It should be noted that the cases which were cited by the defendant concerned peculiar and incisive criticism of a party, by a judge. They stand in sharp contrast to the instant case where no such conduct is in issue and the Court has only undertaken a judicial function as required by the rules which governed the defendant’s application to set aside the default judgment. A fair-minded observer would know that I was duty bound to undertake such assessment and in that regard the findings made could not be a basis for apparent bias. In JSC BTA Bank v Ablyazov it was said in similar circumstances that a fair-minded observer would know that judges are trained to have an open mind and do frequently change their minds during the course of any hearing. The business of the court would not be done if judges were to recuse ourselves for entering the court having formed a preliminary view of the prospects of success of a case.
It is notable from the plethora of cases on this subject that the question of apparent bias is fact driven and will ultimately turn on the specific facts of each case. It is not demonstrated by the mere fact that a judge, earlier in the same case or a previous case, has commented adversely on a party or a witness, or found the evidence of a party or witness to be unreliable. Generally where the objection is made on the basis of a previous adverse ruling without more, findings of pre-judgment or apparent bias will be rare and not considered as a good reason for recusal. I am not persuaded that a fair-minded observer having considered this information would conclude that I would not be able to have a fair, open and impartial mind in considering the evidence or submissions of Counsel, at the assessment hearing.
In JSC BTA Bank v Ablyazov the objection taken was that it was inappropriate for a judge to hear a trial because he had heard and determined a committal application against the applicant and sentenced him to imprisonment. The applicant took the view that to conduct the trial in those circumstances would give rise to a risk of justice not being seen to be done and that a fair-minded and informed observer would conclude that there was a real possibility of bias in relation to the issues to be considered at the trial, having regard to the judge’s previous involvement in the case. Similarly, in the present case the defendant’s objection is based on findings made in relation to issues and material previously considered and on which this Court had expressed a view, for the purposes of an earlier application.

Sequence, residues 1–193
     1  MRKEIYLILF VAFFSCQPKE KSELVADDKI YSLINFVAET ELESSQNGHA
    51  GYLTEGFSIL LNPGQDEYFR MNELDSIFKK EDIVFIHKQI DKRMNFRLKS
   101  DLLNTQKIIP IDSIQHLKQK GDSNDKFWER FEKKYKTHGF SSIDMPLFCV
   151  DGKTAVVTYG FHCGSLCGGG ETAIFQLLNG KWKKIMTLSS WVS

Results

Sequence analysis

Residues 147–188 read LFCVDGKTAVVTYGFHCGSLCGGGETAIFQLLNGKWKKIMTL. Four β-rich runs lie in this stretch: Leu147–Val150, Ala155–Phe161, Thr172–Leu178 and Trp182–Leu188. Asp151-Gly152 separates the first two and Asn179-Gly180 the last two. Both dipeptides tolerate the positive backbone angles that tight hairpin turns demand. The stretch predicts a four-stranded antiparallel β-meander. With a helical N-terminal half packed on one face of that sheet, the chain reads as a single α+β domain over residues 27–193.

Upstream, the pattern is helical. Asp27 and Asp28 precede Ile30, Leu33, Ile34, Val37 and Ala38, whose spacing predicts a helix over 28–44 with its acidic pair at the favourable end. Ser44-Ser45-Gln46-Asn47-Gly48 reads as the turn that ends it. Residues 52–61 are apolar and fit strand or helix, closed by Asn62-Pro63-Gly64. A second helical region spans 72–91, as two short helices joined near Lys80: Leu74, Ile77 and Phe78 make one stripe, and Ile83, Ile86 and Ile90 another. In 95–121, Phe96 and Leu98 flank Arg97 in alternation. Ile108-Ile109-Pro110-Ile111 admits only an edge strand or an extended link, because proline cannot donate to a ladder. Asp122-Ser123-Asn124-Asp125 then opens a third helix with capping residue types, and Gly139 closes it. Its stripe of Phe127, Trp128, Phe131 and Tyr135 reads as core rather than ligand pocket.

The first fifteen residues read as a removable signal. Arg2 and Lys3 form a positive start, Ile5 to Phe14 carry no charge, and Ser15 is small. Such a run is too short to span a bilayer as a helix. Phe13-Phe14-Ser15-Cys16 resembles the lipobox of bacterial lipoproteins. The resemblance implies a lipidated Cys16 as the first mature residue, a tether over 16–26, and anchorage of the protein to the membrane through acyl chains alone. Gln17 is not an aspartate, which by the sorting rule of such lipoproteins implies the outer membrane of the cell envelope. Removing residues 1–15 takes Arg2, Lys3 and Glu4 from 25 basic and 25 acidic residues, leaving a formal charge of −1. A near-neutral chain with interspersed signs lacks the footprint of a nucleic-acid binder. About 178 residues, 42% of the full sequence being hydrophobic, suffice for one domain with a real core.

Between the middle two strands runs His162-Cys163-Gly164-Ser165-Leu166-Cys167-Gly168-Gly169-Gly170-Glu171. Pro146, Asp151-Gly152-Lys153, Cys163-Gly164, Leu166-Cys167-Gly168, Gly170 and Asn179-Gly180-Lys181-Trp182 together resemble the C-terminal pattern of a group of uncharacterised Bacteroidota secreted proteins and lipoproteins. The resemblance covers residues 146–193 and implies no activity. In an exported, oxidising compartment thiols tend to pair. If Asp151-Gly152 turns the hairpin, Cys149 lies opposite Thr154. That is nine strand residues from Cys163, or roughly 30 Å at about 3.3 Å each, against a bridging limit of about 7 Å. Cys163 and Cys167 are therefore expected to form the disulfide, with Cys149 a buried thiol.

Dismissing the application, Teare J at first instance held that the subjective fears of the complainer were not a necessary pre-requisite to a successful application to recuse. On hearing the application, the court would be concerned with considering whether counsel’s submission that there is an appearance of bias is correct and not with counsel’s belief that it is correct. He concluded on these facts, that the fair-minded observer would conclude there was no real possibility that the judge would be biased against the applicant, by reason of pre-judgment. He also concluded that delay in making an application might be regarded as waiving the right to apply for recusal, where an applicant had appeared whether in person or by counsel, on previous occasions, and gave no notice of an intention to seek the judge’s recusal. Teare J also held that permitting an application to be made at this late stage would be unfair to the other parties and would undermine both the reality and the appearance of justice.
On appeal, the appellate court considered two main questions;- (1) whether judges’ interlocutory decisions would require them to recuse themselves from the rest of the proceedings on the ground of apparent bias; and (2) in what circumstances would litigants who have not expressly waived their right to object to a particular judge hearing their case nevertheless be held to have done so by conduct.
Rix LJ delivering the court’s decision agreed that there will be very few cases where interlocutory decisions by judges will give rise to an appearance of bias that would require them to recuse themselves from sitting on subsequent applications in the case or on the trial. He distinguished the instance where a judge has sat in a previous case concerning one of the parties, but added that even in such cases, the authorities confirm that the mere fact that a judge has decided a case adversely to a party in the past or criticised the conduct of a party or his lawyers will rarely if ever be a ground for recusal.  He then stated:-
“…………., it seems to me that, unless the first judge has shown by some judicial error, such as the use of intemperate, let me say unjudicial, language, or some misjudgement which might set up a complaint of the appearance of bias, the fair-minded and informed observer is unlikely to think that the first judge is in any different position from the second judge …….
In this connection, it seems to me that the critical consideration is that what the first judge does he does as part and parcel of his judicial assessment of the litigation before him: he is not “pre-judging” by reference to extraneous matters or predilections or preferences. He is not even bringing to this litigation matters from another case […]He is judging the matter before him, as he is required by his office to do. If he does so fairly and judicially, I do not see that the fair-minded and informed observer would consider that there was any possibility of bias. […]The judge has been at all times bringing his objective judgment to bear on the material in this case, and he will continue to do so. Any other judge would have to do so, on the same material, which would necessarily include this judge’s own judgments” . [Emphasis added]